Prolixious refers to something that is boring, excessive, and causing delay; mostly speech, writing, or actions. A Prolixious speech is one that’s clearly being indirect and delaying.

Prolixious is one of the best words that sum up everything about talking in circles. This adjective is meant to qualify a person’s speech or writing, rather than the person.

When a person is passing a message without being straightforward, you can find his/her words delaying, boring, and excessive. These are major characteristics of circumlocution and being Prolixious.

This, however, is an obsolete word but may still be used in informal speech.


  • He got so Prolixious on screen that I slept off watching.


Circuitous refers to something that is not direct or to the point. A speech or writing is circuitous if the revelation of its main points or purpose is delayed.

Here is another word that simply refers to the act of talking in circles without giving a reason for it. It is also one of the best to refer to a person who is being indirect if you can’t tell why he/she is not being straightforward in his/her speech.

You can use this to refer to both speech and writing. Also, this may refer to actions that don’t pass a direct message too.


  • When he started talking, he was so circuitous. I couldn’t put everything together.


Superfluous refers to something that is in excess of what is sufficient or required. This can refer to the number of words in a message. It can also be used when the needed information is accompanied by unnecessary or useless ones.

Superfluous is a simple word for a speech or writing that is more than enough to pass the intended message. This may not be found circumlocutory if you can get the desired information earlier than the unnecessary ones.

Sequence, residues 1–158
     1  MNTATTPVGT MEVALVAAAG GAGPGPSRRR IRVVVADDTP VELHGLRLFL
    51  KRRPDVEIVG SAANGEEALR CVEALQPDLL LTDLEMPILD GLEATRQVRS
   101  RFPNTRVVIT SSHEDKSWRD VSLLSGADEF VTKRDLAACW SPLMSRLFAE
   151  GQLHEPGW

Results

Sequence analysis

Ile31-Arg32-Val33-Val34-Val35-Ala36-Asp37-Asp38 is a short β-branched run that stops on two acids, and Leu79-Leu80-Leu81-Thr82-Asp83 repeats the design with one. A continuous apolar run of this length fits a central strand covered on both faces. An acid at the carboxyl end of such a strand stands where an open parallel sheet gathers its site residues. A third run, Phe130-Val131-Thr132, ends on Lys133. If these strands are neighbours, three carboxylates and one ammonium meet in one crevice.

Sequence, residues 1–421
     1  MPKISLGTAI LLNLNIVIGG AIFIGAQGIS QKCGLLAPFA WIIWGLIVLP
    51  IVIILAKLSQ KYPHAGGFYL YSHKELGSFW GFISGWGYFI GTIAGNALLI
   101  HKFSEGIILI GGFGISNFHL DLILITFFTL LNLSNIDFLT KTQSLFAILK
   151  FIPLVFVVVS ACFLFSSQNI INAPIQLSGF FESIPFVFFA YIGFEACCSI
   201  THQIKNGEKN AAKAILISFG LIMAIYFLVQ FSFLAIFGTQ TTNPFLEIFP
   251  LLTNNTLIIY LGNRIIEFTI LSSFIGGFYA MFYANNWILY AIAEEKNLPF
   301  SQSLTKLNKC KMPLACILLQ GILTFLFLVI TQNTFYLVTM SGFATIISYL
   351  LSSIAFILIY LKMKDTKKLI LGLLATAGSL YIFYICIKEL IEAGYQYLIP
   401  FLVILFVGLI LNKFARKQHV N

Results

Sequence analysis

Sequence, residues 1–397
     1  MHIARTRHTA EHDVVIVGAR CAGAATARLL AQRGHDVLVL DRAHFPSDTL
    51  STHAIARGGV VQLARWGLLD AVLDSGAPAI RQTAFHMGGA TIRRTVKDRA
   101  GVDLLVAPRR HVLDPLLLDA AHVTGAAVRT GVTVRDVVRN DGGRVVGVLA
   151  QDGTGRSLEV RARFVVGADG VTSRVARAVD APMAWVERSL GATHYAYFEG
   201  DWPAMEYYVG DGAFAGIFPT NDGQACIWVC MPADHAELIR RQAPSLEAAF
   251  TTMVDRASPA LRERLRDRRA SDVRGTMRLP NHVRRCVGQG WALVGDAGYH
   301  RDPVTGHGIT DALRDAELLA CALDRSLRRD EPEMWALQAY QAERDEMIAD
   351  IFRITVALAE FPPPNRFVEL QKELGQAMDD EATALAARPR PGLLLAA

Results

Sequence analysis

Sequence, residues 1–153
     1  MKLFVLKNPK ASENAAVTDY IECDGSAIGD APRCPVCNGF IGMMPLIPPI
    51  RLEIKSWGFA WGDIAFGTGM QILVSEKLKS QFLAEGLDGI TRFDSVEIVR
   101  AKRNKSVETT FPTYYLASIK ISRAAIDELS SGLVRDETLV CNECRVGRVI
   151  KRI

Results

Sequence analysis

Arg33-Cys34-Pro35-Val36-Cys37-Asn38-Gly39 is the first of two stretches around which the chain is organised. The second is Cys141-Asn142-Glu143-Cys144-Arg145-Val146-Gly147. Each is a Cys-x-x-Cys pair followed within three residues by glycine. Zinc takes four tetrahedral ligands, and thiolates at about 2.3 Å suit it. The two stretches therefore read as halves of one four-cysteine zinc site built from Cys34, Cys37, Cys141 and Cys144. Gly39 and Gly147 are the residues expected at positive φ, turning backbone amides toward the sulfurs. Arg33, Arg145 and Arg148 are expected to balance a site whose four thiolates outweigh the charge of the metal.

A superfluous speech isn’t necessarily Circumlocutory but a superfluous message is most likely Circumlocutory just as a Circumlocutory message tends to be filled with excess words.


  • Your submission is superfluous but thanks anyway.


Wordy is a synonym for Superfluous. It refers to a speech or writing that may be circumlocutory with its use of excessive words.

This is not about digressing or including unnecessary information but about using too many words to explain something that can still be very clear with fewer words.

This is considered Circumlocutory too and it may be done intentionally when hesitating to pass a message.

Wordy is ‘the use of an excessive number of words in expressing a message’. This is the opposite of conciseness and can be considered circumlocutory since the points from a message are expected to vary according to its length.


  • His speech is always wordy and boring. He doesn’t understand what brevity means.


“Roundabout” is another good word that can be used for a speech or writing that is not direct. It can also refer to something that has a lot of information that may or may not be useful to you.

Use this in referring to a person who is being indirect if you think his/her response should be shorter or he/she is starting with information that is not important to you.

Roundabout refers to something encircling. It is an adjective for speech, writing, or anything that is indirect or circumlocutory. It also refers to speech or writing that is comprehensive.


  • He gave a roundabout report of the war but we only needed to know what started it.

When a person talks in circles, it may be intentional or not. In some cases, a person is trying to make negative information sound less saddening or worrisome. This can be called ‘Euphemistic’ or ‘Diffusive’.

Talking in circles can be for many other reasons. Words that simply refer to the act or state of passing a message in circles include ‘Circumlocutory’, ‘Indirect’, Roundabout’, ‘Circuitous’, etc.